Well, this is awkward. I didn’t expect to meet you here, but apparently I left the car radio on. I don’t know quite what to say, unceremoniously abandoning you as I have. My actions, or more accurately my reactions, confuse me too.
You and I go way back. You’ve always been a consistent source of comfort and strength for me. You’ve been there for me when no-one else has before I even entered kindergarten.
I still remember how we met and when I fell in love with you. I got hooked on the incomparably awesome late sixties-early seventies pop music my mother listened to on Top 40 radio all day. I can still remember hearing the Grass Roots and Three Dog Night while the warm summer breeze made the kitchen curtains dance.
Around that same time, my dad introduced me to the fifties music of his youth — doo-wop, Buddy Holly, Elvis (every song had a story attached) and classic country music (lots and lots and lots of Hank Williams.)
Then, one glorious day, my father introduced me to the Beatles and I was forever lost in The Land of Fab.(“You’ll grow out of it,” Dad said. He died still waiting for me to grow out of it. I’m 54 now. Still haven’t grown out of it.)
For some people, music is nothing more than background noise. For others, it is an experience in and of itself, the main event, no other diversion wanted or needed.
I am among the latter. Well, I was anyway.
I know I’ve been avoiding you lately, Music. I’ve had no choice. Sometimes my heart is so bruised and battered and overburdened that any additional emotional stimuli is just piling on further upset. And it super sucks when what you must avoid to maintain your equilibrium is also your psychic lifeblood.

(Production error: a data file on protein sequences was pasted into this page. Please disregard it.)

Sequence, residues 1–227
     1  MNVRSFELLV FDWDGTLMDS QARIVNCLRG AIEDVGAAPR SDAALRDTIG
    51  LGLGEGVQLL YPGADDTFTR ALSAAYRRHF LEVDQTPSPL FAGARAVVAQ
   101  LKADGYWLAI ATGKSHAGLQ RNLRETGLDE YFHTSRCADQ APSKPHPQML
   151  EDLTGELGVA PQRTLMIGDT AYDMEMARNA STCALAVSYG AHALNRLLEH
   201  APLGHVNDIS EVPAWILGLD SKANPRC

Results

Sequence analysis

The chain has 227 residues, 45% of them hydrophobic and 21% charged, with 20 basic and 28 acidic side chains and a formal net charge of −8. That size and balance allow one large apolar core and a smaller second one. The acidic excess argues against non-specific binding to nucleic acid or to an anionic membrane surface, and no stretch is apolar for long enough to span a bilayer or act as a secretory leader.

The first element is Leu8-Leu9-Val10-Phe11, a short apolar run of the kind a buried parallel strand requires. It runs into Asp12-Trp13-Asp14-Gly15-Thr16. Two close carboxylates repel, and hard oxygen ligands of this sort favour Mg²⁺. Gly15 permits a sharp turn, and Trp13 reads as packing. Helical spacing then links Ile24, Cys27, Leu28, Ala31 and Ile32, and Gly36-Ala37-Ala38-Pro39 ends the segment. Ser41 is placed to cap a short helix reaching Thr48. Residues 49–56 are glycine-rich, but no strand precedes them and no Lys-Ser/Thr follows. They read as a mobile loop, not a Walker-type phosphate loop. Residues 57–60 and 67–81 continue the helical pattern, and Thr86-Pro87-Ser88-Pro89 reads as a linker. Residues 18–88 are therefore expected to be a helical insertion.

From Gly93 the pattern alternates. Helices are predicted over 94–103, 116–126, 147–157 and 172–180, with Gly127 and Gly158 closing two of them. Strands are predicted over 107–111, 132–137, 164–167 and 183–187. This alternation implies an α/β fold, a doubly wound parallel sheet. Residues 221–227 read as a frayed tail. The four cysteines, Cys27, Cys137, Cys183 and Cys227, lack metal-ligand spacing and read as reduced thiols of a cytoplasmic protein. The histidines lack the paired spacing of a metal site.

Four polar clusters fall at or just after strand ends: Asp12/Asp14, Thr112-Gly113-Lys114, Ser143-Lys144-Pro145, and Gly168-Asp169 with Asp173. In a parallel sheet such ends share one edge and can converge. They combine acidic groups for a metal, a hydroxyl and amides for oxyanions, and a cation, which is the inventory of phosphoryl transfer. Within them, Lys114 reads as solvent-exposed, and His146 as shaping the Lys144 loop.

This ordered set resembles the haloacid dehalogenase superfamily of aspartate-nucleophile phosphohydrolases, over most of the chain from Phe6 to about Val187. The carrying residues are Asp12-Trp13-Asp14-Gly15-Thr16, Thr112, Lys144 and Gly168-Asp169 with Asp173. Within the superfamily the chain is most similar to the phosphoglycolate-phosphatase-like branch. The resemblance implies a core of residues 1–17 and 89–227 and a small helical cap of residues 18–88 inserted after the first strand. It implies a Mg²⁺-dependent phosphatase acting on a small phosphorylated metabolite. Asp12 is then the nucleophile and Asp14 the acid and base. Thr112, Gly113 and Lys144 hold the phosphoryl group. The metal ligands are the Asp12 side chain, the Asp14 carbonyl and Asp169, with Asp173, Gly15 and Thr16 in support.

Here’s a simplistic explanation of my current problem. If I hear a song about new love, I’m consumed with grief because I will never experience that heady joy again. If I hear a song about enduring passion and devotion, I’m pissed I got cheated out of it. If I hear a song about hurt, pain, and betrayal, I want to throat punch my ex more than I already do.
Quite the quandary.
Now that I’m an adult, I relate to my father’s visceral attachment to his music. I completely get how listening to the soundtrack of his youth compelled him to recount and share the memories evoked by each song.
Every tune has its own story or memory embedded in it, indelible souvenirs of my journey through life. I’m transported in time and space from the opening chords to the bridge to the fade-out. It’s a magical and usually pleasant transformative experience.
But sometimes it just hurts too much to deliberately allow those feelings to surface. If I’m in a vulnerable place, it's like repeatedly ripping the scab off an infected wound. (Keep that song away from me! AHHHHH!)
OK, maybe not quite as gross but still pretty damn psychically painful.
Silence is just safer, at least until the wound is healed.
So, as you can see Music, it’s not you, it’s me. Right now my emotions are too raw and exposed to withstand your truth and beauty. This does not minimize you or your impact. Instead, it emphasizes what a profoundly powerful effect you have on my life.
I hope I’ll soon be in a better place and we can hang out again. I miss you, Music. But I know you will be right there waiting when I’m ready to reunite.
I just need a little more time to regroup and heal and listen to my intuition unencumbered by any outside influence, no matter how beloved.
I knew you’d understand.